Sorors of Beta Iota
Adelaide Banks

"When you incorporate true history, then you will read about the bonding of Black, white and Native American people who built a great America together."

A conversation with Adelaide (Sims) Banks ’74 BS

Excerpts from an online interview with NMU’s Rebecca Tavernini and Marcus Robyns, October 2020.
Watch the NMU Archives for an upcoming Oral History project with Ms. Banks.

Addi is shown on top right as president of NMU's chapter of Beta Iota, a branch of Alpha Kappa Alpha, the sorority in which Vice President Elect Kamala Harris was a member at Howard University.

How can Black history be better integrated into K-12 and higher education?

It is imperative. We relate to others not as individuals but as representations of the group they belong to. We all do that. When we interact with someone we don’t know, everything we have been taught about that group represents them. In a multicultural, multi-ethnic class system, it is imperative that we learn about the people that we’re interacting with in a way that we can love, respect and do no harm to them.

How do we do that? We begin by teaching a true history. By a true history, I mean yes, slavery; yes, Jim Crow. But if you stop there, you haven’t taught history.

When you incorporate true history, then you will read about the bonding of Black, white and Native American people who built a great America together. You will learn about the Black people who became part of the Upper Peninsula population early in the history. You will learn about groups and appreciate them—like in Gwinn, where I attended high school and am embraced like a sister. Their heritage is Polish, German and English—yet we have more in common than not. We can build on that to create a more equal and loving society. It is critical that we know the full history of racial cooperation. We have to get out of this mindset and hate vs. hate.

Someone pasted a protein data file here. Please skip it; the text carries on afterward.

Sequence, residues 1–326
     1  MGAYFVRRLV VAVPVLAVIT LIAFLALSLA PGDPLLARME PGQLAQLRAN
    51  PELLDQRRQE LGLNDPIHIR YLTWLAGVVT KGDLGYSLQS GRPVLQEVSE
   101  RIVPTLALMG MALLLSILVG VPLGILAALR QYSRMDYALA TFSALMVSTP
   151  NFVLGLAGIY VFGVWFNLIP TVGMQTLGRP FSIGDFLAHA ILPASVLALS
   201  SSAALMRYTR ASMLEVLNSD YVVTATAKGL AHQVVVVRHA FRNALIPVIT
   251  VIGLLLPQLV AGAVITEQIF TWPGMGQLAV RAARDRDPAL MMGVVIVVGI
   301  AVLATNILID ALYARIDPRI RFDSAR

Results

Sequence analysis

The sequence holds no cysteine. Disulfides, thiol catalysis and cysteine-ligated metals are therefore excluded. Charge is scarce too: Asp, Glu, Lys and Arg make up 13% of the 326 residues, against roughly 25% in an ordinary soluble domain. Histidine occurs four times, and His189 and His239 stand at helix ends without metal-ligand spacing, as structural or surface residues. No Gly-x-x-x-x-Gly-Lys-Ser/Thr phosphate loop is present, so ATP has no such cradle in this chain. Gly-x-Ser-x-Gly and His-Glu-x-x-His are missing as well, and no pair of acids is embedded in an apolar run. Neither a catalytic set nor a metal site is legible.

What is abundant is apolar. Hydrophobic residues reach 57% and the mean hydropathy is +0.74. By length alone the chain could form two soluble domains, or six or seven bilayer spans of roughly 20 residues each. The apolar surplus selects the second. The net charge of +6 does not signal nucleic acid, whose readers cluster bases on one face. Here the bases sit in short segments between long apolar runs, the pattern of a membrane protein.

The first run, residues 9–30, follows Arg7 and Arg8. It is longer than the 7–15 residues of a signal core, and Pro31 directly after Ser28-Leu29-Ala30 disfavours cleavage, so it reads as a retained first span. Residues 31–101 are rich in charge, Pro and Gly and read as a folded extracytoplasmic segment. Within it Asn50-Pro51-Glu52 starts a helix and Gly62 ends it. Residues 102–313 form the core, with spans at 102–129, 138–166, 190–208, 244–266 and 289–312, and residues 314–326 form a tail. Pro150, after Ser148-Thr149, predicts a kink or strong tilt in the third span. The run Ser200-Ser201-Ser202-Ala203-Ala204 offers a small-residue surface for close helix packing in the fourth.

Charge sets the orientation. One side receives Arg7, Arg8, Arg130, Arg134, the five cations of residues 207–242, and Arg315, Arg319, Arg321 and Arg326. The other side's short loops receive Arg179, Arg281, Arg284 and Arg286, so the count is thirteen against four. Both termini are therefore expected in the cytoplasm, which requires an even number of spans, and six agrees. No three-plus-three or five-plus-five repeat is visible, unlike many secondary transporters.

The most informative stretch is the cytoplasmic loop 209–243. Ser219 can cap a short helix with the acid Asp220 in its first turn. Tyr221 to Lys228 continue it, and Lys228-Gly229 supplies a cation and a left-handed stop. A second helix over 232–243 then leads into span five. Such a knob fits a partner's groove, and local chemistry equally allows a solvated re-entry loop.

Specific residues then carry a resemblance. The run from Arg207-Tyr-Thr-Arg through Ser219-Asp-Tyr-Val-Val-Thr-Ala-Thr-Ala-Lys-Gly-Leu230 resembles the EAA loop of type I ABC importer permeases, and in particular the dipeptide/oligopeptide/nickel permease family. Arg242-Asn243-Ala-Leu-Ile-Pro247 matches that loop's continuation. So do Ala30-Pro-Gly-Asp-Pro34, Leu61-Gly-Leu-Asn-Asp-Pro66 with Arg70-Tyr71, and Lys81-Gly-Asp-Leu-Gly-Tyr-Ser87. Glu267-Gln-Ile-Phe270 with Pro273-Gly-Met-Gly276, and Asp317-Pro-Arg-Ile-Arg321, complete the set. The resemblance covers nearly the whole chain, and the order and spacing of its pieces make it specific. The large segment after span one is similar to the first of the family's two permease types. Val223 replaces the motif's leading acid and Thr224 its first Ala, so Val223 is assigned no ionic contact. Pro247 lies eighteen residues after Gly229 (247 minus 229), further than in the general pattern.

My grandfather in rural North Carolina shared one suit of clothes with his white neighbor—their weekend dating suit—with a white guy down the street, and they would switch weekends. We must stop just focusing on racial hate and focus on the bonding as well.

What kinds of advice do you present in your race relations workshops?

Understanding Black Americans. The movement right now is specifically defining Black Americans not by their blackness but by their heritage. As long as we look at race as skin color, we miss that race is a construct. We’re talking about something that doesn’t exist. Let’s begin with truths.

We need to consider the groups that define our heritage and our uniqueness. Some Blacks are descended from American slaves. Some come from the Caribbean, from Britain, from Africa, and others from Black American ethnic groups. We must understand that all Black people are not the same people. We own our identity and we covet it. Therefore, it is an insult for people to define us in ways that do not speak about us. As we look at differences, respect our history and try to not consolidate us under the umbrella of Blackness.

That’s one of the issues we have: Who are we? We are defining ourselves. We are rejecting the definitions that have been myths or that have been placed upon us. In my days at NMU, there was a lot of Afrocentric dress. We were finding our identity, rejecting what others called us and we looked to the motherland. I hope that today we can look to our true history for who we are. We have such a glorious history as Americans; we don’t have to borrow identity from another group.

What were the most impactful things you learned at NMU that helped in your career or stay with you today?

I began as a business student and took a sociology course. I was so impressed with the relevance of social issues discussed that I fell in love with sociology, the activism and critical issues, the search for answers to why we behave the way we do as a society. The department brought in a famous family sociologist, Dr. Harold T. Christensen, as a summer lecturer. He was so impressive and he signed one of his papers on sociology of the family for me. I still have it. I had very warm and caring professors who inspired and influenced my work.

Also, Pizzarena spoiled me. I have never had a sausage and mushroom pizza like they made!

How are you feeling about the state of things today?

Optimistic. I see positive changes in race relations. I am a Christian and I have faith in God that the direction that I take will be the direction that God orders. While I feel that I’m whistling in the wind sometimes, my God tells me to just produce, put it out there and not worry about where it falls. Whether five people read it or five million, the message is the same: the truth of love, respect and do no harm to others.

Ms. Banks lives in Durham, North Carolina, and teaches race relations and Black history workshops in person and online.

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